Geneva Hearing Services - Geneva, IL

Female doctor communicating with older man who has hearing loss in wheelchair examining reports at the hospital corridor.

Tom is getting a brand new knee and he’s super pumped! Hey, the things you look forward to change as you get older. His knee replacement means he will feel less pain and be able to get around a lot better. So the operation is a success and Tom goes home.

That’s when things take a turn.

The knee doesn’t heal properly. An infection sets in, and Tom ends up back in the hospital for another knee surgery. Tom isn’t as excited by this point. The doctors and nurses have come to the conclusion that Tom wasn’t following their advice and instructions for recovery.

So here’s the thing: it’s not that Tom didn’t want to follow those recovery instructions. The problem is that he didn’t hear them. Tom can feel a little better in the fact that he isn’t alone: there’s a solid link between hospital visits and hearing loss.

More hospital visits can be the outcome of hearing loss

By now, you’re likely acquainted with the typical drawbacks of hearing loss: you grow more distant from your loved ones, you raise your risk of social separation, and have an increased danger of getting cognitive decline. But we’re finally beginning to comprehend some of the less obvious drawbacks to hearing loss.

Increased emergency room trips is one of those relationships that’s becoming more apparent. One study found that people with hearing loss have a 17% higher risk of needing a trip to the emergency room and a 44% higher chance of readmission later.

Is there a link?

There are a couple of reasons why this might be.

  • Your situational awareness can be affected negatively by neglected hearing loss. If you’re not aware of your surroundings, you might be more likely to have a car accident or stub your toe. Of course, you could end up in the hospital due to this.
  • Your possibility of readmission considerably increases once you’re in the hospital. Readmission happens when you’re released from the hospital, spend some time at home, and then have to go back to the hospital. Complications sometimes occur that lead to this readmission. In other cases, readmission may be the outcome of a new issue, or because the original problem wasn’t addressed correctly.

Risk of readmission increases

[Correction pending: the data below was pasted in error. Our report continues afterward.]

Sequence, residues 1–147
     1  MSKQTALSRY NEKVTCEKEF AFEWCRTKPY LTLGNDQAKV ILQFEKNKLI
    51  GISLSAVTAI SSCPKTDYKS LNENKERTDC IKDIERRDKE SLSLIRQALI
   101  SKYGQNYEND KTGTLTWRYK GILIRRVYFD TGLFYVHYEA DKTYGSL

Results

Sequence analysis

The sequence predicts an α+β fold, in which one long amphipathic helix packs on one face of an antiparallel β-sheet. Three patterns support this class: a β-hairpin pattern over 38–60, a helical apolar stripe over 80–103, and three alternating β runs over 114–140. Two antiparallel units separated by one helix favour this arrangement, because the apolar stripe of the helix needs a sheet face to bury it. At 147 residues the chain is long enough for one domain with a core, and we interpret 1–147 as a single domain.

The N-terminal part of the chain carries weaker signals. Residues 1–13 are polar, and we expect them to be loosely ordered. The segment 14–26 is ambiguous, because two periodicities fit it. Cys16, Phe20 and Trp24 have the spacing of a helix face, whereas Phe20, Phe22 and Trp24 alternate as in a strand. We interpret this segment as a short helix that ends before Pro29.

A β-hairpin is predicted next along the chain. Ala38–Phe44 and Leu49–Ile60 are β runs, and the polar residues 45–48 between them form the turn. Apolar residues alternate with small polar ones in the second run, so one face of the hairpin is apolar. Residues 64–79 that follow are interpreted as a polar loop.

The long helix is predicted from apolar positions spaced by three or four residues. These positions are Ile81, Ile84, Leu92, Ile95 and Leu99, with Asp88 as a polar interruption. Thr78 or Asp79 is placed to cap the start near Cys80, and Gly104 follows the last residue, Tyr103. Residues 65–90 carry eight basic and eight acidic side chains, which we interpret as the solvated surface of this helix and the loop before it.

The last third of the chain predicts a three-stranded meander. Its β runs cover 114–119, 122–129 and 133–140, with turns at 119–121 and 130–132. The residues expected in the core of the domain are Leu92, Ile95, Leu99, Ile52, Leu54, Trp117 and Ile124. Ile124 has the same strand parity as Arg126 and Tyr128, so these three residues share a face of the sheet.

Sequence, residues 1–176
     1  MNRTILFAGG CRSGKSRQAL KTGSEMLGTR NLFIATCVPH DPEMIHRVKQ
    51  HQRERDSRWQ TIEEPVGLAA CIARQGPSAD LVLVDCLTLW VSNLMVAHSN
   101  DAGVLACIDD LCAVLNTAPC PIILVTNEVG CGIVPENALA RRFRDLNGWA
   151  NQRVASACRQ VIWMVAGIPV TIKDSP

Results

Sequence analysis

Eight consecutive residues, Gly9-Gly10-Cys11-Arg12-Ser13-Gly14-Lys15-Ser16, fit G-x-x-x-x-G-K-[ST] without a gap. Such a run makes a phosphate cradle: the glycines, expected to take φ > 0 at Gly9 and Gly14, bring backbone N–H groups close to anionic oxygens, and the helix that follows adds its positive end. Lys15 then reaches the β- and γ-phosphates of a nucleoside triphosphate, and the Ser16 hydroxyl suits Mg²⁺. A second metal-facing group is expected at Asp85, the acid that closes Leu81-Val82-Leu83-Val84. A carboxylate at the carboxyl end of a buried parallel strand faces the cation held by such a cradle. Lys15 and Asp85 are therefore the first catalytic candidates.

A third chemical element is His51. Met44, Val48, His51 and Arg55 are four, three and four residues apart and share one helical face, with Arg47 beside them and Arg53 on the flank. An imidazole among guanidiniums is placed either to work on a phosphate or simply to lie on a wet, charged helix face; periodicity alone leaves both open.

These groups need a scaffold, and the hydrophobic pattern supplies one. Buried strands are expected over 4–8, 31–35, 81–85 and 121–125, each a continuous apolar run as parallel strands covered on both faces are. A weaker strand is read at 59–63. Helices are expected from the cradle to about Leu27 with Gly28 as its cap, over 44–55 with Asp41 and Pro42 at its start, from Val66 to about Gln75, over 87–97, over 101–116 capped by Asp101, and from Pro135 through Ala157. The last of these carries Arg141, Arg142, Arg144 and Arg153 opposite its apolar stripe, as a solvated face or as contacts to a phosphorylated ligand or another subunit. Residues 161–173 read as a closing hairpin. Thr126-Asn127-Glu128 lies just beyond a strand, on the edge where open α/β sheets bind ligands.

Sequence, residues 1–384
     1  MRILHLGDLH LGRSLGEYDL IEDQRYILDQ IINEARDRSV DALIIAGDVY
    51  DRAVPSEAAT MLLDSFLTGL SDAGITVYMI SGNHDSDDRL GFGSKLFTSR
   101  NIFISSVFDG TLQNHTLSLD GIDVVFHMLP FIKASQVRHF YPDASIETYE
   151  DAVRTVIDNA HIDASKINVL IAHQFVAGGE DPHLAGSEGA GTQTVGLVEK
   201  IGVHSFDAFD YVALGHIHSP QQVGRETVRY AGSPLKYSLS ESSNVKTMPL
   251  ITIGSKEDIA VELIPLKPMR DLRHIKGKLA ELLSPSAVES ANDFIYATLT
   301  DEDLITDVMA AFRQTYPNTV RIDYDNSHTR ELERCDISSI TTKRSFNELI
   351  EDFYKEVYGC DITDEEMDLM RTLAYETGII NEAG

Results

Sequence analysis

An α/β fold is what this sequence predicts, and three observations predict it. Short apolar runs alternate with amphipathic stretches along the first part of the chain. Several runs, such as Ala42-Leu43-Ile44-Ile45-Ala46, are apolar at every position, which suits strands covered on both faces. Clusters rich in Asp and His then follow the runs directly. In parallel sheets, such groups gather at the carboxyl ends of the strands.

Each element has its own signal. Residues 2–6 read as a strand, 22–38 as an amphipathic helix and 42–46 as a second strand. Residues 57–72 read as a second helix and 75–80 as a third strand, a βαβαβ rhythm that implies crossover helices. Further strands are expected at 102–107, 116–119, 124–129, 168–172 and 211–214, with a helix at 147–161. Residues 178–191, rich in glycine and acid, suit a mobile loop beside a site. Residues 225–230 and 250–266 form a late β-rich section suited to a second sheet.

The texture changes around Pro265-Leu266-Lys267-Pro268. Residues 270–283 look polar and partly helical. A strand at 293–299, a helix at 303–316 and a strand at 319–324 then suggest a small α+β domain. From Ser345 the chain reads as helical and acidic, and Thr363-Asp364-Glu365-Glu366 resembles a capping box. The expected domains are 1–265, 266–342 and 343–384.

Why is readmission more likely for individuals who have untreated hearing loss? There are a couple of reasons for this:

  • If you have neglected hearing loss, you might not be able to hear the instructions that your doctors and nurses give you. You won’t be able to effectively do your physical therapy, for instance, if you fail to hear the guidelines from your physical therapist. This can result in a longer recovery time while you’re in the hospital and also a longer recovery once you’re out.
  • If you’re unable to hear your recovery instructions, you won’t know how to take care of yourself as you continue recovering at home. You have an increased likelihood of reinjuring yourself if you don’t even know that you didn’t hear the instructions.

Let’s say, for example, you’ve recently had surgery to replace your knee. Your surgeon may tell you not to shower for the next 3 weeks, but you hear 3 days instead. And you might find yourself back in the hospital with a severe infection.

Keeping track of your hearing aids

At first glance, the solution here might seem simple: you just need to wear your hearing aids! Sadly, in the early phases of hearing loss, it often goes undetected because of how slowly it advances. Coming in to see us for a hearing test is the solution here.

Even if you do have a pair of hearing aids (and you should), there’s another complication: you could lose them. It’s often a chaotic scene when you need to go in for a hospital stay. So the possibility of losing your hearing aid is absolutely present. You will be better able to stay engaged in your care when you’re in the hospital if you know how to handle your hearing aid.

Tips for prepping for a hospital stay when you have hearing loss

Knowing how to get ready for a hospital stay when you have hearing loss can prevent lots of headaches (and other discomfort) in the future. There are some easy things you can do:

  • Don’t forget to bring your case. Having a case for your hearing aid is very important. They will be able to be better taken care of that way.
  • Communicate to hospital staff about your hearing loss. Miscommunication will be less likely if they are well informed about your situation.
  • In a hospital setting, you should always advocate for yourself and ask your loved ones to advocate for you.
  • Keep your eye on your battery’s charge. Keep your hearing aid charged and bring spares if necessary.
  • Whenever you can, use your hearing aids, and when you aren’t using them, make sure to keep them in the case.

Communication with the hospital at every phase is key here. Be sure you’re telling your nurses and doctors about your hearing loss.

Hearing is a health concern

It’s important to acknowledge that your hearing health and your general health are closely related. After all your overall health can be significantly impacted by your hearing. In a lot of ways, hearing loss is no different than a broken arm, in that each of these health problems calls for prompt treatment in order to prevent possible complications.

You don’t have to be like Tom. The next time you find yourself in the hospital, make sure your hearing aids are nearby.

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The site information is for educational and informational purposes only and does not constitute medical advice. To receive personalized advice or treatment, schedule an appointment.
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